Stocks that rapidly skyrocket in value rarely come across as compelling buys. But seasoned investors are well aware that buying stocks trading near or at their 52-week highs is, in fact, a strategy proven to generate above-average returns on capital. The underlying reason is simple: Winners tend to keep on winning — often because they sport some type of key competitive advantage over their rivals.
With this theme in mind, I think investors shouldn’t shy away from buying shares of either Atara Biotherapeutics (NASDAQ: ATRA) or CRISPR Therapeutics (NASDAQ: CRSP) right now — even though both of these biotech stocks are currently trading close to their all-time highs. Here’s why.
The next step in immuno-oncology
The immuno-oncology revolution kicked into high gear at the end of 2017, thanks to the back-to-back approvals for Gilead Sciences‘ (NASDAQ: GILD) and Novartis‘ (NYSE: NVS) respective cell-based cancer therapies. While these two regulatory approvals marked a watershed moment in the annals of immuno-oncology, the fact remains that this high-growth market still has a lot of growing up to do.
Gilead’s and Novartis’ pioneering cell therapies, after all, are both time- and labor-intensive to manufacture, require patients to visit clinics specializing in this novel form of treatment, and are known to be associated with potentially life-threatening side effects. As a result, researchers at numerous biotech companies have been racing to develop so-called “off the shelf” or allogeneic cell therapies that can solve these fundamental problems.
Atara Biotherapeutics, a mid-cap biotech, is presently the leader in this ongoing effort. Atara is the only company with a late-stage allogeneic cell therapy asset in active development, and even more intriguing, Atara is also on track to release top-line data from this pivotal trial early next year. The product candidate in question is called tabelecleucel, and this experimental therapy is currently being evaluated in two late-stage trials as a treatment for Epstein-Barr virus-associated post-transplant lymphoproliferative disorders in patients who fail to respond to Roche‘s rituximab.
The big deal here is that if the data from these two pivotal trials look anything like tabelecleucel’s extremely impressive midstage results, Atara should easily be the first to market. If so, Atara will undoubtedly be a top takeover target next year, given the exceptionally strong interest in this technology from Gilead, Novartis, and many others.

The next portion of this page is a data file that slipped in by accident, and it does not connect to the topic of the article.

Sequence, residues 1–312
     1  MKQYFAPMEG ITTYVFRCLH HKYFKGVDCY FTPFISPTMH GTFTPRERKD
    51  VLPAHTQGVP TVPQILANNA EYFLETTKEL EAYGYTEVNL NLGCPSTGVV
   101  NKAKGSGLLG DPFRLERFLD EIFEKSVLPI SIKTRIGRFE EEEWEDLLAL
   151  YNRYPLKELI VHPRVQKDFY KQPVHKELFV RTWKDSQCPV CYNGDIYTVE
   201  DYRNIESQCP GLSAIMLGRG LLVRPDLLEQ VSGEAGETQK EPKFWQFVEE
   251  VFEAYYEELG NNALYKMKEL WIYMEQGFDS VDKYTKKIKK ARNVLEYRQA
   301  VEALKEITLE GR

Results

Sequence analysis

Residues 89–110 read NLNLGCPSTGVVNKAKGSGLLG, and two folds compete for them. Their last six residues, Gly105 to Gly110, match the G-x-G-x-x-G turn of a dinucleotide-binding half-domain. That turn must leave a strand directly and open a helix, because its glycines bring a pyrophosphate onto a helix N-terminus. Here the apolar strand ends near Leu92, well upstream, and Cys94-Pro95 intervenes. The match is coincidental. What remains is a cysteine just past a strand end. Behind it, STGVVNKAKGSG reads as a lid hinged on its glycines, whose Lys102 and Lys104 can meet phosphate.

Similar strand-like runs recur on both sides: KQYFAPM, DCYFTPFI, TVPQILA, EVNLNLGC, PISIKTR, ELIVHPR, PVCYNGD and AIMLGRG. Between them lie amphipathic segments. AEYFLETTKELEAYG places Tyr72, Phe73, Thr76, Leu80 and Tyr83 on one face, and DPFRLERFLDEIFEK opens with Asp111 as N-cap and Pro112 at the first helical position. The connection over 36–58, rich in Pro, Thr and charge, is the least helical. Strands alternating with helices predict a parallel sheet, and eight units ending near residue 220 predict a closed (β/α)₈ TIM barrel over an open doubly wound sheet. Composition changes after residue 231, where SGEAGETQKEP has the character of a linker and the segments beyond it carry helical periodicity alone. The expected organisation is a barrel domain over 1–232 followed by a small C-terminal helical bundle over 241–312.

In all, I think Atara remains a downright bargain at these levels due to its lengthy head start in the off-the-shelf cell therapy race, despite the fact that its shares have already gained stately 146% so far this year.
A top gene-editing play
Gene editing is widely expected to play a key role in the march toward personalized medicine. Up until a few years ago, however, the standard gene-editing platforms like zinc finger nucleases and TAL effector nucleases were proving to be far too labor-intensive to be used in a wide variety of settings or human diseases.
In 2012, this situation changed literally overnight when a peer-reviewed paper demonstrated that a bacterial system that appears to provide a form of immunity against invading viruses called CRISPR-Cas9 could be used in animal cells to rapidly rewrite DNA sequences in a cost-efficient manner. Some researchers are now hopeful that CRISPR-Cas9 can revolutionize human medicine, agriculture, and even industries that rely on genetically modified microorganisms. And that’s where CRISPR Therapeutics comes into the story.
CRISPR Therapeutics presently sports the one of the most advanced CRISPR-Cas9-based clinical candidates in the industry right now. While human clinical trials have reportedly been going on in China for awhile now, CRISPR and its partner Vertex Pharmaceuticals (NASDAQ: VRTX) have a sizable lead over other CRISPR contenders in the United States with their experimental treatment for sickle cell disease and beta-thalassemia, CTX001.
Unfortunately, the FDA recently placed CTX001 on clinical hold due to the unresolved safety and efficacy questions swirling around this particular gene-editing platform. The good news, however, is that this clinical hold didn’t impact the therapy’s status in the European Union, where it’s scheduled to enter human trials later this year. Moreover, the FDA simply appears to be doing its due diligence on a novel platform.
Even so, there are two overarching concerns regarding CRISPR-based systems as they pertain to human clinical trials. First off, there have been questions over whether humans have a built-in immune response that could trigger severe side effects, and negate the therapeutic impact of CRISPR-modified cells. Second, two recent papers illustrated how this system naturally selects for cells with a mutated gene known to lead to uncontrolled cell growth — i.e., cancer.
Fortunately, these concerns appear to be overblown. The Chinese trials have been going on for long enough that any major safety issues probably would have been discovered by now. And the cancer threat seems to only be a factor when this system is used to delete DNA sequences (DNA correction). By contrast, CRISPR Therapeutics and Vertex’s lead product candidate is designed on a process known as “gene disruption” that doesn’t seem to come with an elevated risk of cancer.
All told, I’m still bullish on this next-generation gene-editing stock because of its prospects to revolutionize human medicine within the next few years, and the market appears to share my sentiment based on the stock’s 162% appreciation just halfway through 2018.
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George Budwell has no position in any of the stocks mentioned. The Motley Fool owns shares of and recommends Gilead Sciences. The Motley Fool owns shares of CRISPR Therapeutics. The Motley Fool recommends Vertex Pharmaceuticals. The Motley Fool has a disclosure policy.